Discussion-based classes are an integral part of the learning process. They provide substantial learning tools that benefit many students. While lecture-based classes are good for the learner who likes to process information through listening alone, discussion-based classes have numerous learning benefits for all students.
ENC has the benefit of offering both lecture- and discussion-based classes, and this varied technique is one that can work for different content areas.
For instance, gen eds are designed to teach many students and are thus formatted in a lecture-based way. This ensures that all students are receiving the same content with little room for misinterpretation. In addition, the larger lecture-style classes have the added bonus of requiring hand-outs or PowerPoints to add continuity and structure where discussion-based classes may rely only on the syllabus to guide their learning.
However, as courses become more concentrated in their content, and as they become narrower in their scope of audience, discussion is a suitable and favorable form of learning.
While direct instruction from a professor is a surefire way to ensure that students receive the content, much of the learning process depends on the oral communication piece that discussion classes offer.
On a processing level, the oral process of talking about a piece of information allows students to reorganize what they have heard or read and tell it to others. The common phrase, “You learn something better when you have to teach it to others” is not just a phrase; it’s completely true. Also, if students process information best by listening, they benefit from the person who has to process orally since they can hear and interpret the information given to them.
Secondly, if we are looking at discussion-based classes at a skills level, being able to communicate clearly and effectively is a skill that our generation struggles with. Electronic forms of communication have minimized the face-to-face interactions in our generation. Tactful and succinct intellectual conversation can be quickly cut short if someone does not know how to communicate effectively. If we expect students to look beyond the collegiate realm and towards a career field, they need to be able to have conversations with people. In discussion-based classes, that skill is taught, as well as the skill of interacting with human beings in a non-confrontational and professional way.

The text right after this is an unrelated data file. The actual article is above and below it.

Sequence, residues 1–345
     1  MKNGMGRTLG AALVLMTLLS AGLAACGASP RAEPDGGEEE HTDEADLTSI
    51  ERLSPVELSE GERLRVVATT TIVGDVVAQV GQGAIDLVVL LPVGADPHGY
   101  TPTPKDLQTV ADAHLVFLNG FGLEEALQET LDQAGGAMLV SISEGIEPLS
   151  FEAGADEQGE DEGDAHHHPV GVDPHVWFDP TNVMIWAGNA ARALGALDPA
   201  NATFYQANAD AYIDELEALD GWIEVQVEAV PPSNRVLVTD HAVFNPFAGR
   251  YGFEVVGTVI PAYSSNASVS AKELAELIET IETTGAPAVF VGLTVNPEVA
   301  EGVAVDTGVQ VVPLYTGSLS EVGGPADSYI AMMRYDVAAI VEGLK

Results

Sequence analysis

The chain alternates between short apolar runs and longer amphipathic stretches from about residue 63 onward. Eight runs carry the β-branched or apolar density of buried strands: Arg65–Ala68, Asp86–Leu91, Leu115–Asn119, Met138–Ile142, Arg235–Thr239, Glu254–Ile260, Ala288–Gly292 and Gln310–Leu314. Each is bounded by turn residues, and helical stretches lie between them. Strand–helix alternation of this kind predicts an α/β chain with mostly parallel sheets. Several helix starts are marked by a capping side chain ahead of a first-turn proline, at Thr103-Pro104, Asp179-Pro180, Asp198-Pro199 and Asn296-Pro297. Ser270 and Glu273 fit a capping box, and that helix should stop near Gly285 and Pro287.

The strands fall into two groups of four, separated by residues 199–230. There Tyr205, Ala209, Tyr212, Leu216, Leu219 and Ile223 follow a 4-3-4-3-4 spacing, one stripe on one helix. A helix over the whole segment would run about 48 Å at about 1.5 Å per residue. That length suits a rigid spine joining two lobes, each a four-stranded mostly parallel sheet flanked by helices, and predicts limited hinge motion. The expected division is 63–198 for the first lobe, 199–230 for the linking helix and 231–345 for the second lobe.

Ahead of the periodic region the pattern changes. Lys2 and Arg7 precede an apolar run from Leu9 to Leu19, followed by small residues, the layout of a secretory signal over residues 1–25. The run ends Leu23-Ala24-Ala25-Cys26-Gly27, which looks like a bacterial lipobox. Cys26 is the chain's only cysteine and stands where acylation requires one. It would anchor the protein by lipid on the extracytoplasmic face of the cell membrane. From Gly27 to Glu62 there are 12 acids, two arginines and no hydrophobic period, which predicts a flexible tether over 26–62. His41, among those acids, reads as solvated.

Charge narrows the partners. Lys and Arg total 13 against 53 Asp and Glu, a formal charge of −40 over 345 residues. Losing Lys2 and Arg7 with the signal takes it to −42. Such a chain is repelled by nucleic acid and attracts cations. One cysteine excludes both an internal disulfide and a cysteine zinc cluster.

Finally, discussion-based classes add a certain level of personal connection and intimacy that we lose in lecture-based classes. This is not to say that all lecture-classes are cold and unfeeling. Lecture-based classes are set up in a way for students to be learning as much as possible from a single source. That is, in a way, putting a wall between student and teacher. Again, not all classes are like this. However, it is easier to build relationships and interact with people once the barrier of lector vs. listener is removed. In discussion-based classes, all students are required to participate and talk. Thus, a certain trust is built in the classroom. This allows students to take conversations outside of the classroom, while simultaneously enhancing the learning that happens within.